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White Tigers Coat Down to One Change in a Gene
By BBC News, Science & Environment, 22 May 2013
Chinese scientists have acquired new insights into how white tigers get their colouration.
The researchers have traced the cause to a single change in a gene known to drive pigmentation in a host of animals, including humans.
White tigers are a rare variant of the customary orange Bengal sub-species.
Today, they are found exclusively in captive programmes where the limited numbers are interbred to maintain the distinctive fur colour.
Shu-Jin Luo of Peking University and colleagues report in the Journal of Current Biology how they investigated the genetics of a family of tigers living in Chimelong Safari Park in Panyu, Guangzhou Province.
This ambush of tigers included both white and orange individuals.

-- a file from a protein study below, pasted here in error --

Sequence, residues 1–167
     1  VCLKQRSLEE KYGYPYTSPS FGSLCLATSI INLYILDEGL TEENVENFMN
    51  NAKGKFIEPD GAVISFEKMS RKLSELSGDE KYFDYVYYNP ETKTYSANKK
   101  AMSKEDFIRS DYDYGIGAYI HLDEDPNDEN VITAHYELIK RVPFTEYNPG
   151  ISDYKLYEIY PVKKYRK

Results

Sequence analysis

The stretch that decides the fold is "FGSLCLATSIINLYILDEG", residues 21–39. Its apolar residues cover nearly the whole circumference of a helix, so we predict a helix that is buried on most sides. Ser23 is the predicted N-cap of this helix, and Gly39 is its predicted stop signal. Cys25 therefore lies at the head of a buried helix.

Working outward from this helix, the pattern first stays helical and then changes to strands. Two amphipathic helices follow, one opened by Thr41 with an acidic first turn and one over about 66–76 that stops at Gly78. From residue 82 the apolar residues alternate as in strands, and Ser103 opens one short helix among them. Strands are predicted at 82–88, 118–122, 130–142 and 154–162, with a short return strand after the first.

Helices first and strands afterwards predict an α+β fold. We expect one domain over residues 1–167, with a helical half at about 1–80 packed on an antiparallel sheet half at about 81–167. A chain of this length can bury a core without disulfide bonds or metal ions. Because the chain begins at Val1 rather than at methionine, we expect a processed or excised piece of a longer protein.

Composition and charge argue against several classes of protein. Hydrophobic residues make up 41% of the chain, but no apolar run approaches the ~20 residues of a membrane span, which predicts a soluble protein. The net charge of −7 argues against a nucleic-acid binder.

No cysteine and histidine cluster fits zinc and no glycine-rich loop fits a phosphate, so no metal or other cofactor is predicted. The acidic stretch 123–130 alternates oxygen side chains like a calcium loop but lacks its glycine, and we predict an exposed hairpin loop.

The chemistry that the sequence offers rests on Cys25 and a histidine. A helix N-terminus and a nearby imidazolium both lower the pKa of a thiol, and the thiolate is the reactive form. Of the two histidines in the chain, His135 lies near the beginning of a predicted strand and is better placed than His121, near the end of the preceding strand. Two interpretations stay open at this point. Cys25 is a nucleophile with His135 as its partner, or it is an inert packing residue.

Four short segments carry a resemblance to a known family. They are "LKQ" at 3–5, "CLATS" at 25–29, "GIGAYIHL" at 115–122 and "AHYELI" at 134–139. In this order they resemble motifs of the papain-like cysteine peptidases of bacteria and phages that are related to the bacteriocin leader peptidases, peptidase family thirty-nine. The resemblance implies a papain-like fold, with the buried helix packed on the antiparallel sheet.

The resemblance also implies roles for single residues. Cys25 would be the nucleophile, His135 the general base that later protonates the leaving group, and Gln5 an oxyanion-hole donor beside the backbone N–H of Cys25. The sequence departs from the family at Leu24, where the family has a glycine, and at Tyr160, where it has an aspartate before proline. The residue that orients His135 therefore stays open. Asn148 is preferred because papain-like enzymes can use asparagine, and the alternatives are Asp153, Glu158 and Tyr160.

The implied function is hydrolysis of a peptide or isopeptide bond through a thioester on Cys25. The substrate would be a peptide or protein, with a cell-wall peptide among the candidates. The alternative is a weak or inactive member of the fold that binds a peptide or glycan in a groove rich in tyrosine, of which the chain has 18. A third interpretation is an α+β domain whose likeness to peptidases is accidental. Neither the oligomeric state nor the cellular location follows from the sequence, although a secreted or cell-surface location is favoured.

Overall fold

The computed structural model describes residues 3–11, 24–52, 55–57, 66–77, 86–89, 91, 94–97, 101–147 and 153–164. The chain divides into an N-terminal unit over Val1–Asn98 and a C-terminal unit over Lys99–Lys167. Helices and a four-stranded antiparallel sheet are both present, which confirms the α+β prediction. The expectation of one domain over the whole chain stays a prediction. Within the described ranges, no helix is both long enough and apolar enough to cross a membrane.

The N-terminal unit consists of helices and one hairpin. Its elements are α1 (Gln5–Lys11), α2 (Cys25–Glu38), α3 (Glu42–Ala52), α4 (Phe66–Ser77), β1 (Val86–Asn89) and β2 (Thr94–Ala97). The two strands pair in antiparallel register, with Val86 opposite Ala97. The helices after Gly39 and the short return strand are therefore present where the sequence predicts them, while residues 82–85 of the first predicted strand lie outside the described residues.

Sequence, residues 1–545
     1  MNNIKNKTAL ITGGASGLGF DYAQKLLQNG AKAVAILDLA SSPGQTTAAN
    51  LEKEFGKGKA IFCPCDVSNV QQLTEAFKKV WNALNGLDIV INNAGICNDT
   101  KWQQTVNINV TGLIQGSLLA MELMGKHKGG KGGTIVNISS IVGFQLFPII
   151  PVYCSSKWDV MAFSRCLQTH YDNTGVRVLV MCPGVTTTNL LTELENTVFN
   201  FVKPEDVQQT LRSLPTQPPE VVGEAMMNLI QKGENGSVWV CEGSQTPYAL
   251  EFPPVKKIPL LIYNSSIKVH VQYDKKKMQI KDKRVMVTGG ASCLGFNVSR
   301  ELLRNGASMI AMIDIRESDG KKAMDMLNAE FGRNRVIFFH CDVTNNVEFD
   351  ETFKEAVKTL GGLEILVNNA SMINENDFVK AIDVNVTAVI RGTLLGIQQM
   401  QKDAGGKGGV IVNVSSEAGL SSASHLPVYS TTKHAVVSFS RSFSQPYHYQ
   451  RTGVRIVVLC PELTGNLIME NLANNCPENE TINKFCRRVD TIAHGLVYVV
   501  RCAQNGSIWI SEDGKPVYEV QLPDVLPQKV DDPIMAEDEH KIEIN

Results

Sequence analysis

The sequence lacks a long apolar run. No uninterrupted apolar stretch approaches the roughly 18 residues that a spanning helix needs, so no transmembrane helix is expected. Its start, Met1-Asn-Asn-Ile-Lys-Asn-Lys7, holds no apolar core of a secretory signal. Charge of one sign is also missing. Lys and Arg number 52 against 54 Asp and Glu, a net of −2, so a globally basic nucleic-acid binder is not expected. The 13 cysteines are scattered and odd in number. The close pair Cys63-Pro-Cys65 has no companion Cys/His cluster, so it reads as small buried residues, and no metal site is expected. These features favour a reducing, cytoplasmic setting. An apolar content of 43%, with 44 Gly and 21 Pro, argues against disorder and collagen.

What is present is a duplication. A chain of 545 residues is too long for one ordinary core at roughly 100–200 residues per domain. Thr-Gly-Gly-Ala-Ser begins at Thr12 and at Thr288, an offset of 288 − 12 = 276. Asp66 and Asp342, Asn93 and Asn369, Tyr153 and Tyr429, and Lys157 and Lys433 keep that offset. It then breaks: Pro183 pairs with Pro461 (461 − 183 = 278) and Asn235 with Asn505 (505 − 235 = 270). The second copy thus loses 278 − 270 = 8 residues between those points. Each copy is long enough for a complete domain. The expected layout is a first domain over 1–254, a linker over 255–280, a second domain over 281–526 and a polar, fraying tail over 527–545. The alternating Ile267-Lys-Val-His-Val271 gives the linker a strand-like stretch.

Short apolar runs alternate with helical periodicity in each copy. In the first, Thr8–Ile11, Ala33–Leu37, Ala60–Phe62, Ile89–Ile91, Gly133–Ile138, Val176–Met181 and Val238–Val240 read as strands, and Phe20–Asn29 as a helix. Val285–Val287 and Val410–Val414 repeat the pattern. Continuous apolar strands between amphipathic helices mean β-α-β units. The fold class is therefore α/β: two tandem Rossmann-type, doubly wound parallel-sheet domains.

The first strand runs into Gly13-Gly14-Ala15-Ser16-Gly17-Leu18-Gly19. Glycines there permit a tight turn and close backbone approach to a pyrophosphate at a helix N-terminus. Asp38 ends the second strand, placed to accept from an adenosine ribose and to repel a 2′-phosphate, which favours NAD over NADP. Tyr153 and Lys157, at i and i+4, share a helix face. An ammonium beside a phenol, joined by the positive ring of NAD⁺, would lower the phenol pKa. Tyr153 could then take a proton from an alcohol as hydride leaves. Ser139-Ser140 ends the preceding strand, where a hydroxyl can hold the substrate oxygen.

The study zeroed in on the pigment gene called SLC45A2, which has long been associated with the light colouration seen in some human populations, and in a range of other animals including horses, chickens, and fish.
The team identified a small alteration in the white-tiger version of SLC45A2 that appears to inhibit the production of red and yellow pigments. This change has no effect on the generation of black pigment - explaining why the whites still have their characteristic dark stripes.
A number of the white tigers found in zoos have health issues, such as eyesight problems and some deformities.
However, Luo and colleagues say these deficiencies are a consequence of inbreeding by humans and that the white coats are in no way indicative of a more general weakness in the Bengal variant.
Establishing this fact means that re-introducing them to the wild under a carefully managed conservation programme might be worth considering.
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"The last known free-ranging white tiger was shot in 1958, before which sporadic sightings were made in India," the researchers write.
"Reasons for the extinction of wild white tigers were likely the same as those accounting for the dramatic decline in wild tigers in general: uncontrolled trophy hunting, habitat loss, and habitat fragmentation."
However, the fact that many white tigers captured or shot in the wild were mature adults suggests that a white tiger in the wild is able to survive without its fitess being substantially compromised.